The domestic debate in the United States began to reach a fever pitch. A Gallup Poll conducted between June 10 and June 11 placed support among Americans for Snowden’s actions at 44 percent, while 42 percent said his actions were wrong. Still, the poll found that 57 percent of respondents did not support the NSA’s surveillance programs as outlined in the leaked documents, while 37 percent approved.
5) Britain targets G20 members
Another PowerPoint presentation leaked on June 16 outlines how the Government Communications Headquarters (GCHQ), Britain’s equivalent to the NSA, used real-time surveying of delegates' phone communications at the G20 Summit in 2009. The intent of the surveillance was to gain diplomatic advantage at the meetings, which came in the wake of the 2008 financial crisis. British officials could obtain real-time readings of calls made by targeted persons and read their emails without notice.
There is specific mention in the slides of targeting “the Turkish finance minister and possibly 15 others in his party,” according to the Guardian. The slides suggest “senior level” members of government in Gordon Brown’s administration, Britain's prime minister at the time, were aware of the intelligence gathering and that the information “was passed to British ministers.” The presentation also alludes to such covert techniques being neither unprecedented nor unique.
The revelations incited ire from Russia, Turkey and South Africa, all of which had diplomats directly targeted at various times during the summit. While there is consensus that many countries engage in similar acts of espionage, the publicity was nonetheless damaging to the UK government’s reputation. The news added to mounting concern in the international community about links between UK's GCHQ and the NSA’s PRISM program.
6) NSA procedures
On June 20, the Guardian revealed two more documents obtained by Snowden (viewable here and here). Signed by Attorney General Eric Holder in 2009, the documents shed light on procedures sanctioned by the Foreign Intelligence Surveillance Court. According to the documents, the NSA can keep (and make use of) information inadvertently gathered on US citizens for a period of up to five years — without a warrant — but only if the information is deemed to be relevant in preventing national security threats or to aid further investigations. The information can be sent to allied governments or foreign organizations, so long as the person’s identity is anonymous.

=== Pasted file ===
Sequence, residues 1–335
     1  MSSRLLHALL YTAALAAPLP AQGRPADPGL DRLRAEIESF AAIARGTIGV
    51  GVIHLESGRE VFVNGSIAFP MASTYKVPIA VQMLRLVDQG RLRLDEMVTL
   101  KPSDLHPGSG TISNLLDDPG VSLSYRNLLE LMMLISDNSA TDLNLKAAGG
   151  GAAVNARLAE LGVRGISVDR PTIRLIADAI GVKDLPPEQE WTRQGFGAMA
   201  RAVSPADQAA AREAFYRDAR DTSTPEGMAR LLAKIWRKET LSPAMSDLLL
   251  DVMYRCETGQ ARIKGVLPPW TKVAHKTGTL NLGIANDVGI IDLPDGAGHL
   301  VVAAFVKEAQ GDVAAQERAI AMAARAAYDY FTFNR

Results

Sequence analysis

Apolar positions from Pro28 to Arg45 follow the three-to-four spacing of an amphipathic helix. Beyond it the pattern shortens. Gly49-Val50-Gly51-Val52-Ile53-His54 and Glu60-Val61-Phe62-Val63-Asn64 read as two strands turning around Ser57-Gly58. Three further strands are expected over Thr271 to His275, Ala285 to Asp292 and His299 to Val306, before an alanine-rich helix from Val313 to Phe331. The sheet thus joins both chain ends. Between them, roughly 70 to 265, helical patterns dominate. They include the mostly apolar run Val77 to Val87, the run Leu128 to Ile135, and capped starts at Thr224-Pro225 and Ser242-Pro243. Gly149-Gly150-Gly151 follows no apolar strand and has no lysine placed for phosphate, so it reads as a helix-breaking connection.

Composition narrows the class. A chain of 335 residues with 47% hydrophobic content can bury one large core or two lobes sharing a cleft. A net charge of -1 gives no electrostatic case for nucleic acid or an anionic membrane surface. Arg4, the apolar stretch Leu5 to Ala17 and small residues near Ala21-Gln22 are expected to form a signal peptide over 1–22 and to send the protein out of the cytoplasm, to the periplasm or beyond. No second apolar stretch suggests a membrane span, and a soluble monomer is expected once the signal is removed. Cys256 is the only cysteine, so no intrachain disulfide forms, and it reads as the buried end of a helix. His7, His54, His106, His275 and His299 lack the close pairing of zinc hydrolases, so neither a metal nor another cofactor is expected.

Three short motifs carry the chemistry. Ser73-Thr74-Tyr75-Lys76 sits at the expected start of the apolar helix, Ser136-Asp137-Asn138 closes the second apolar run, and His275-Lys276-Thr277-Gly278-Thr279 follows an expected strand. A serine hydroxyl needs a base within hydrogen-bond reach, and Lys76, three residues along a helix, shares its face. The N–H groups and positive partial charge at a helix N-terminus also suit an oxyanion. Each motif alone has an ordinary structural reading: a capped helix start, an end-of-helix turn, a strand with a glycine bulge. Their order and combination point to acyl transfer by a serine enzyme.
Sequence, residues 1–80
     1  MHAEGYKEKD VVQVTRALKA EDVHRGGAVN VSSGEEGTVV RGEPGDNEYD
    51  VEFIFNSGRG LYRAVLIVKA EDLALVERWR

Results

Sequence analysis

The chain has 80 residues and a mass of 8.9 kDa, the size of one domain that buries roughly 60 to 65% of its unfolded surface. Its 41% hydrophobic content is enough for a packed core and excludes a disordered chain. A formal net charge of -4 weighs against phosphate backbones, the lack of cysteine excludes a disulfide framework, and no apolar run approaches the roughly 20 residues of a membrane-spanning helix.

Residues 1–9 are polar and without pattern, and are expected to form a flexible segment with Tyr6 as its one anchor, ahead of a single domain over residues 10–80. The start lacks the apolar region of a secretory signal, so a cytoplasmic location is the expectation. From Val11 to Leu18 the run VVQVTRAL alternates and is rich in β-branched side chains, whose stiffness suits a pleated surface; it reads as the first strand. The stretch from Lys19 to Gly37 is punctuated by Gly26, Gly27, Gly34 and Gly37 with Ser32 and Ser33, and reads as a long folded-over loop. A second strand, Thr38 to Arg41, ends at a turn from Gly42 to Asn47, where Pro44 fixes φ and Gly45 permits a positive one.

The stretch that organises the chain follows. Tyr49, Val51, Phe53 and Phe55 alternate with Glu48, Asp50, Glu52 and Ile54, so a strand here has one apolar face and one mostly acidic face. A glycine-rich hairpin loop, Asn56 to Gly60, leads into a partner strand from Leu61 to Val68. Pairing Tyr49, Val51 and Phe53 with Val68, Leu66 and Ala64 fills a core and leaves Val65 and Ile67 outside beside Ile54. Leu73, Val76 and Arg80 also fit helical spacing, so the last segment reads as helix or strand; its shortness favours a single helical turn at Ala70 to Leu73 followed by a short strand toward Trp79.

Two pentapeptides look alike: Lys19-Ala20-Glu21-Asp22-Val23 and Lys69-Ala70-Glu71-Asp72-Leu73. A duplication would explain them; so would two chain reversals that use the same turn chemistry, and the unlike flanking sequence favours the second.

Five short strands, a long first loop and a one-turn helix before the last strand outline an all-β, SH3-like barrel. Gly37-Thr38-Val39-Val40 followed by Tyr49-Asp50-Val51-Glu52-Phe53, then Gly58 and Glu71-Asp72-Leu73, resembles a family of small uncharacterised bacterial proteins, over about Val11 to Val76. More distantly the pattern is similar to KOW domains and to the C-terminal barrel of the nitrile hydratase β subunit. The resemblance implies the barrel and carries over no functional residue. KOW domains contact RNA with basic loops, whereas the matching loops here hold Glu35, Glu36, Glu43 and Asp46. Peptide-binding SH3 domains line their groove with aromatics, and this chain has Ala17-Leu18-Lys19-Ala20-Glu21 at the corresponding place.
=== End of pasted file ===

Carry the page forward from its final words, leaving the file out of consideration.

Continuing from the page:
While the documents outline the circumstances the NSA must destroy data collected from US citizens, as well as the rigorous steps analysts are supposed to take to make sure a target is outside the United States, they also reveal several ways the NSA can continue to use data collected on US citizens. The revelations appear to contradict statements by Obama and others that the NSA cannot access data on US citizens without a warrant.
Patrick McFarland, inspector general for the US Office of Personnel Management, meanwhile, announced an ongoing probe into whether a proper background check was conducted before Snowden was given a Top Secret/Sensitive Compartmented Information-level clearance.
The investigation focused on the operations of US Investigations Services (USIS), a Virginia-based information and security company employed by the government to conduct background checks. US government officials came under fire during a Senate subcommittee hearing investigating why the NSA hired Snowden despite discrepancies on his resume. Booz Allen Hamilton noted potential issues but failed to act and USIS, which screened Snowden for his government security clearance before his work with Booz Allen Hamilton, was similarly unsuccessful in acting on any suspicous elements.
7) Friends who hack together stay together
The Guardian revealed slides on June 21 created by the UK's GCHQ with titles like “Mastering the Internet” and “Global Telecoms Exploitation.” The slides outline Tempora, an 18-month-old program the GCHQ uses to store metadata for up to 30 days and content data for up to three days, allowing the agency to sift through reams of information legally.
The documents show the extent to which the GCHQ has been able to tap 200 fiber-optic cables laid beneath the Atlantic Ocean, potentially accessing over “21 petabytes of communications data a day.”
The slides indicate that private companies are required to give GCHQ discreet access to tap the cables. The United Kingdom shared that information with the NSA beginning in 2011, giving the US spy agency unlimited access to GCHQ data. The slides show that “850,000 NSA employees and US private contractors with top secret clearance had access to GCHQ databases.”
Officials and private citizens raised concerns on both sides of the Atlantic that there is insufficient oversight and limited restrictions on the UK’s fiber-optic surveillance system. The close-knit relationship between the US and UK intelligence agencies, as well as the NSA’s unfiltered access to Britain’s world-leading cyber-surveillance stores, came under heightened scrutiny. Some diplomats worried that the revelations could negatively impact EU-US trade discussions, and that China-US cybersecurity talks, already on a tentative footing, could suffer as well.
8) NSA targets China's largest research hub and major telecommunications provider